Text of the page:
From studying Chinese, Spanish, and French in high school and adding Italian and German to her skill set in college, to working for the government of Monaco and eventually marrying a man from Milan, for Lauren Ravalico, a visiting assistant professor within the romance languages and literatures department, language encompasses all aspects of life.
Ravalico was born in Denver, Colo. within what she referred to as “a very monolingual family.” In seventh grade, she began her French studies, thus fostering her interest in language and culture. “I loved it from the first day,” she said. “I can remember sitting in class, and my Mademoiselle, whom I loved, said ‘architecture’-which is spelled the same way in English-in a French accent, and I found it so beautiful. I knew I was in the right place.”
Following middle school, Ravalico went to the largest high school in Colorado, which, due to its size, offered a great number of foreign language courses. She seized the opportunity, becoming very involved in language by learning Chinese and Spanish in addition to continuing French.
For her undergraduate education, she departed for the Northeast to attend Cornell University, where she spent a long time attempting to determine her major. Eventually, because applications to study abroad required her to declare a major, Ravalico chose French. “I really made the decision under duress-the day before the application deadline,” she said. Subsequently, through a program with Wellesley College, she studied abroad in the south of France in Aix-en-Provence during the second semester of her junior year. “A lot of people talk about how study abroad changes your life, and it really does,” Ravalico said, “I loved it-and my French was so good when I came back.”
In 2000, Ravalico graduated from Cornell with a bachelor’s degree in French in the midst of a booming economy, but without definitive ideas regarding her career path. “I didn’t really know what I wanted,” she said. After moving to New York City to live with friends, she looked in the newspaper under “bilingual” and found a listing for a job opening with the Consulate General of Monaco. Ravalico then applied and was accepted for a position in marketing for American tourism, a job requiring that she speak French, work in an office on Fifth Ave., and frequently travel to Monaco on business trips.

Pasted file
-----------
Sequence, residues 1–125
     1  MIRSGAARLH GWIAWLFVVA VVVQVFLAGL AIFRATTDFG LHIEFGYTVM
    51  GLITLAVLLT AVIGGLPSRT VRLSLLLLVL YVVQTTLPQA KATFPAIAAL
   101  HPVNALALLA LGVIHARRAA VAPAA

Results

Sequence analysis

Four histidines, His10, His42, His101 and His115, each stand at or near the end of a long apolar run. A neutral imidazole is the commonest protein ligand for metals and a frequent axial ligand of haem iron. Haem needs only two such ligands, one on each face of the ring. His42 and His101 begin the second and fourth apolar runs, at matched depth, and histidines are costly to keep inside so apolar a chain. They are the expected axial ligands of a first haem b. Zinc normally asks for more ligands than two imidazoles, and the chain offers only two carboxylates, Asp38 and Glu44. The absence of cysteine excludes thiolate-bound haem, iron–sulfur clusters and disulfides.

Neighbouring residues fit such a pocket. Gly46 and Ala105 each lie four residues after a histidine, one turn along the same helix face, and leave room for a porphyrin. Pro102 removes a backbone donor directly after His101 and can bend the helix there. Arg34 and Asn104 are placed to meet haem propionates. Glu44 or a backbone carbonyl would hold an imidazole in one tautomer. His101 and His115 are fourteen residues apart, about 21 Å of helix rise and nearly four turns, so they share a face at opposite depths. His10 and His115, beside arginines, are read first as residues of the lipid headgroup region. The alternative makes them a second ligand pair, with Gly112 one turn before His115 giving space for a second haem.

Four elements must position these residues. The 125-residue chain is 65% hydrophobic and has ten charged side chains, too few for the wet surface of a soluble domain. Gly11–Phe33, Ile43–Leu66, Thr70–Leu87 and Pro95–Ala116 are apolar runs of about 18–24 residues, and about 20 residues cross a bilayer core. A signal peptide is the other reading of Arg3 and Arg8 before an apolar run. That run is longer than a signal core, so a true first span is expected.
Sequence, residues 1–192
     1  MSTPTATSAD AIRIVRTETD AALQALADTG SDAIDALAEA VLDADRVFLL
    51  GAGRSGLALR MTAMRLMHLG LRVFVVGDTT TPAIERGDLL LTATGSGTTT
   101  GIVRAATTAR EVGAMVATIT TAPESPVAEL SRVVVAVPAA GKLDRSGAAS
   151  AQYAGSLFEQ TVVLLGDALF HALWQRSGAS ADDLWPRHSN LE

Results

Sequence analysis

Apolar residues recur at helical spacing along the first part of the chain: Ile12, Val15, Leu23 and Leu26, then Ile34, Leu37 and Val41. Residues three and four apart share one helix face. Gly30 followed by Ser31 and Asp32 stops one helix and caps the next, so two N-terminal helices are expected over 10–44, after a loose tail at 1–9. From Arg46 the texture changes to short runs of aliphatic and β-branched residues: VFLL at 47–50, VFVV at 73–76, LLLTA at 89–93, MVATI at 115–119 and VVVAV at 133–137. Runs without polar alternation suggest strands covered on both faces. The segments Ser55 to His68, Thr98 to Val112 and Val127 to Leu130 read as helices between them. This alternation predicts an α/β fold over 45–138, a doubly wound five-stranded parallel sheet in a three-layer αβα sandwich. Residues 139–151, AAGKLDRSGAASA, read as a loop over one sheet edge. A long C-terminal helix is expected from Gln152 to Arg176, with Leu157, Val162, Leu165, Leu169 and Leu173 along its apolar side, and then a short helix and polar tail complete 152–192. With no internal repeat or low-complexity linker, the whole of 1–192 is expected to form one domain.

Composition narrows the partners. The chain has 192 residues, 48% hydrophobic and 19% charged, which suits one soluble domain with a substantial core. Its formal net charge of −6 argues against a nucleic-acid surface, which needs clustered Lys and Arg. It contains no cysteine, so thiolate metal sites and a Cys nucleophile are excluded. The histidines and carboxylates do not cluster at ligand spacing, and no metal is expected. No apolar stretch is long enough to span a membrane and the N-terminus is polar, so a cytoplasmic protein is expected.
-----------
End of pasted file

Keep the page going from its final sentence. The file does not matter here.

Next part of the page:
While she enjoyed her employment with the government of Monaco, she left New York in 2001 right before Sept. 11 for New Orleans, where her boyfriend was starting law school at Tulane University. Although “the boyfriend didn’t last,” Ravalico decided to continue her graduate education at Tulane and obtained her M.A. in 2004, realizing thereafter that she desired to pursue a Ph.D. “Learning French again in the classroom had an intellectual aspect that marketing didn’t have,” she said, discussing the difference between speaking French at her previous job and using it in her graduate and doctoral studies. Ravalico returned to the East Coast to attend Harvard University, and she graduated in 2011.
Subsequently, Ravalico moved again, this time to teach courses in French literature and composition at Ohio State University after never having visited the Midwest. Following the year she spent instructing in Ohio, in 2012 she began teaching at Boston College, where she now specializes in 19th-century French cultural studies, women in the arts, gender and sexuality studies, political equality, and visual culture.
Here, she mostly instructs 300- and 400-level fundamental French classes, as well as many 400-level seminars of her own design. Currently, she offers Marriage & Modernity, a course that investigates through literature and film how heterosexual marriage has shaped French culture, from the 1789 Revolution to the Sexual Revolution of the 1960s. The French Revolution, for example, surrounded the idea of equality for all and led to the legalization of divorce and prevalent feminism, thereby facilitating controversy over the sanctity of marriage. “The subject is very interesting to me,” Ravalico said. “We’re looking at women in society, feminist thought, cultural history, good literature-the students really respond to it.”
Further, Ravalico discussed her enthusiasm for marriage and its implications. “Marriage is one of the main things we pursue in life, and we deal a lot with deconstructing assumptions about it,” she said. In the future, she hopes to continue instructing courses on the concept of equality-the ideal vs. the lived reality-as well as offer classes on taste and the French table. “I want to keep French relevant,” she said. “It was relevant for me, and I really want it to remain relevant for students today.”
Regarding her initial reasons for coming to the University, “I mean, what didn’t draw me to BC?” Ravalico said. “It’s a great department; I have the opportunity to teach interesting classes; the student body is smart and engaged; and Boston is a city I’ve come to consider home.”